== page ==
Eliminating unexpected costs should be among all small business owners' top priorities. After all, financial surprises can damage the long-range economic health of any company, regardless of its size.
Here are 10 tips to help you avoid these unpleasant surprises.
1. Do Some Advanced Planning. Conduct thorough market research before you start your business and while you run it. This enables you to make informed decisions and take only the most advantageous calculated risks.
2. Consult an Expert. You probably didn't go into business to be an expert in tax rules and regulations. Consult an accountant or tax adviser to ensure compliance with state and federal tax laws and avoid costly mistakes.
3. Create a Business Plan. A well-crafted business plan and budget forecast proves to investors and potential customers that you're serious about the financial obligations of running a small business.
4. Keep Personal and Business Finances Separate. Allowing personal and business finances to mingle increases your personal liability and decreases your ability to manage bills, taxes and other payments.
5. Avoid Sloppy Accounting Practices. A small business owner attends to the books every day. "Improper accounting procedures can result in unpaid debts, uncollected income, shortages of cash and even bankruptcy," notes Brian Stupp for IOU Financial.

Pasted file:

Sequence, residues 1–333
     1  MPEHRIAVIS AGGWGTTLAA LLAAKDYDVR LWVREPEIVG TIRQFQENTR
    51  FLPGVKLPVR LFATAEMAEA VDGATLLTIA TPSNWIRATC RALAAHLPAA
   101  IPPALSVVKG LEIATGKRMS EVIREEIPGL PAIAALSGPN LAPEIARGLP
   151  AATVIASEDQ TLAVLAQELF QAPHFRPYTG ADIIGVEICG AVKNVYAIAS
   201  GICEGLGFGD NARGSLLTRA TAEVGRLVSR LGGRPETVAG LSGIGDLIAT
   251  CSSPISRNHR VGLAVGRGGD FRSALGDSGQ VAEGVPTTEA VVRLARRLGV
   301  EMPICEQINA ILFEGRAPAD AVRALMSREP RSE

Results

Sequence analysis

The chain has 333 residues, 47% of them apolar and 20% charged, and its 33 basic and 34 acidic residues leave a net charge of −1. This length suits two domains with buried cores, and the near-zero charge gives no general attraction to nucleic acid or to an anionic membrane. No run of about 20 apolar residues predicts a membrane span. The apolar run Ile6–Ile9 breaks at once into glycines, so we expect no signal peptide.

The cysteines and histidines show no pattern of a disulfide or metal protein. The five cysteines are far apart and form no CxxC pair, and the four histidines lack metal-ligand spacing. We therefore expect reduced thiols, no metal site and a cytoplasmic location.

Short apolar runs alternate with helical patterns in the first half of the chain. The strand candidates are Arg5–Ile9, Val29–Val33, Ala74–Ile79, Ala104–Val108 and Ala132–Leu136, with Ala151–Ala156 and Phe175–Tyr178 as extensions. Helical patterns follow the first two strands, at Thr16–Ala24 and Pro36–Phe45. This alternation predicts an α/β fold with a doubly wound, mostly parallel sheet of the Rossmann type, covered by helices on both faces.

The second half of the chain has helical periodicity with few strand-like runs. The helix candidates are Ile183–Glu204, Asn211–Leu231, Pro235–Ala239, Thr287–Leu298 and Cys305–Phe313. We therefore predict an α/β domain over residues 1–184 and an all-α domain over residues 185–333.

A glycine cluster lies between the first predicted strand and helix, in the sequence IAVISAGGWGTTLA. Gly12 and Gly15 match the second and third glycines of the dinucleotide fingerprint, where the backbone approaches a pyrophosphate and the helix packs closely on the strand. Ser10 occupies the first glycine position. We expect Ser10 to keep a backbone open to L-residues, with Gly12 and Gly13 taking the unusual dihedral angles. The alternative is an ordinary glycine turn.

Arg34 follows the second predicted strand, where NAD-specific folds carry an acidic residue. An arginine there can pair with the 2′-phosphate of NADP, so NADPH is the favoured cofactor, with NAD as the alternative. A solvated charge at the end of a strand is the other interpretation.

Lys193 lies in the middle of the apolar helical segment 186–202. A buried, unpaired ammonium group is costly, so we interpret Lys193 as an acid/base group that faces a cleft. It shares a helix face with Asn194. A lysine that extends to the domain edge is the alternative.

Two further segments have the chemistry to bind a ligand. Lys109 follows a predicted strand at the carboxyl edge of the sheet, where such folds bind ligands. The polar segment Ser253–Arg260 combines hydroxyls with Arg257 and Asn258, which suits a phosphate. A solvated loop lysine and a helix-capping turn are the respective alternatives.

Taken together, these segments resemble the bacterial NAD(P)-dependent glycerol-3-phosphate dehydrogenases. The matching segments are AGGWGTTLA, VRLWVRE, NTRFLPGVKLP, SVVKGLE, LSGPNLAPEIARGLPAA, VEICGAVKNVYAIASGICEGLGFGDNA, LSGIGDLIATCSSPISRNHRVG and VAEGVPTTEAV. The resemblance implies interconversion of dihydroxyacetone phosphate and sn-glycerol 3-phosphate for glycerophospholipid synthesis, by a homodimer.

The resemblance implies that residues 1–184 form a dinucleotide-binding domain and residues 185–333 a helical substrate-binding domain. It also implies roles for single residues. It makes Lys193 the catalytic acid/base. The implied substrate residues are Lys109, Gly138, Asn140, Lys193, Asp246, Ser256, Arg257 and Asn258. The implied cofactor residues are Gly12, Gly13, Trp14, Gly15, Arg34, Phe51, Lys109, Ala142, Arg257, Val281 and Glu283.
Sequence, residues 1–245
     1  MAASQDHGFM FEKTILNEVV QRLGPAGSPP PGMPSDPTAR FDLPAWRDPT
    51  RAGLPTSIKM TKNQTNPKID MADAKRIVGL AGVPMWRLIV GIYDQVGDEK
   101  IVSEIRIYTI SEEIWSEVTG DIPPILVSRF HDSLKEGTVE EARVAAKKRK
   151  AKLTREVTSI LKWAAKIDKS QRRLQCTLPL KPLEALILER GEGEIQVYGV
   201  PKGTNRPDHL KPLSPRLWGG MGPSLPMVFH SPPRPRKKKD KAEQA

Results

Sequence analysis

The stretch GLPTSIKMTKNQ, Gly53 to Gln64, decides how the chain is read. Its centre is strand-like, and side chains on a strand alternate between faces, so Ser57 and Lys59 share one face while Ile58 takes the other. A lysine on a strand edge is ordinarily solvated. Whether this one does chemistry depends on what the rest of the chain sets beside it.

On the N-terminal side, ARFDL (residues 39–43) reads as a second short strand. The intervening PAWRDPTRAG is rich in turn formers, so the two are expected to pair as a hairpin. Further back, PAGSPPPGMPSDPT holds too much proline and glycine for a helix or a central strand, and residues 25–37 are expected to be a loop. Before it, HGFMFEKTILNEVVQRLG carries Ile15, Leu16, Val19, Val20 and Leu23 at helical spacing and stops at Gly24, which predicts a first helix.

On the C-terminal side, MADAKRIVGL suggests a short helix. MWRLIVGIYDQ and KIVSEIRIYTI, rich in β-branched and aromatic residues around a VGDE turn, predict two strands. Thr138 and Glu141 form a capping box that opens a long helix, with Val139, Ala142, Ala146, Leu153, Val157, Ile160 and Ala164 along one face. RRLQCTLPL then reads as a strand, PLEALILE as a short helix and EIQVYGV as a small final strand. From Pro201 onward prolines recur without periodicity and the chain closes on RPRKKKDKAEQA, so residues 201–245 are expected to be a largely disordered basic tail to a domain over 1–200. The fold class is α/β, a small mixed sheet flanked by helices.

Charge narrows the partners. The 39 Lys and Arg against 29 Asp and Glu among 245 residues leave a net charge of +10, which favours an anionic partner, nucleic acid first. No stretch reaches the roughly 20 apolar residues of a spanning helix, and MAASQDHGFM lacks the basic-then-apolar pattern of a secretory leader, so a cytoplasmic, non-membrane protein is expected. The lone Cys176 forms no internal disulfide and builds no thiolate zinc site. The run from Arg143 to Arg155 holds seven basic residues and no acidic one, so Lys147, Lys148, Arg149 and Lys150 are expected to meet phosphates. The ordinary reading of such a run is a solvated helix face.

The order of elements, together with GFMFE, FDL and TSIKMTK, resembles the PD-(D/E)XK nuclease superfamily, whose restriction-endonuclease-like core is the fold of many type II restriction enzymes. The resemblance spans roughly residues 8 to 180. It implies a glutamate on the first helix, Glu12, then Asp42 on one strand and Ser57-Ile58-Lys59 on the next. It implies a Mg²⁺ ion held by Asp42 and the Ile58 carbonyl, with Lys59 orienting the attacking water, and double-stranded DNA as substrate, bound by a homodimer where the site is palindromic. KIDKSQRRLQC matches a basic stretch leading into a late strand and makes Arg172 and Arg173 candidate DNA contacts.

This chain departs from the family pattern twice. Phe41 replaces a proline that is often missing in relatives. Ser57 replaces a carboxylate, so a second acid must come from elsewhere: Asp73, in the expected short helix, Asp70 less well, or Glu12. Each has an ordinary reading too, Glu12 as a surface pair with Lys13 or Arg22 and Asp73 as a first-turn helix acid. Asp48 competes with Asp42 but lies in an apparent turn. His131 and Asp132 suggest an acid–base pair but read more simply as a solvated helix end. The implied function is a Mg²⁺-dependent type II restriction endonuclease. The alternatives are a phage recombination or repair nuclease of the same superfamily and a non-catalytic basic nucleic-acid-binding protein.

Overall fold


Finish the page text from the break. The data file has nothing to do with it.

6. Implement Internal Controls. Some of the worst financial surprises result from employee embezzlement. Establish internal controls to minimize this risk and regularly review all key financial documents like invoices, bank statements and purchase orders. Take special care when determining who is responsible for signing the checks.
7. Build Up Cash Reserves. For small business owners, expenses (rent, utilities, payroll, merchant fees, etc.) are everywhere you look. If you're not careful, you could quickly run out of cash to pay these bills. That's why every business should build up a reliable cash reserve. But, cautions StrategicPoint Managing Director Derek Amey, don't go overboard: "In today's low interest or nonexistent interest rate environment, having too much cash means it's not working to grow your business and should be used elsewhere."
8. Address Late Customer Payments. Late payments from customers can hit small businesses especially hard. Be sure new customers fully understand your payment policies — don't be shy to remind them — and provide incentives for early payments. Make the payment process easy and convenient for customers, and don't be afraid to enforce penalties for late payments.
9. Find a Financial Mentor. You may already have someone in your network you turn to for leadership or management advice. Seek out the same in a seasoned financial mentor, who can save you from making potentially crippling mistakes.
10. Build a Great Team. A team of skilled, hardworking employees is a substantial, but often necessary, business expense. Simply put, there's no way your business can grow without a team of employees you can count on.
Business owners might face an unpleasant surprise here and there, but following these tips will go a long way toward eliminating unexpected costs and facilitating new growth for your business.
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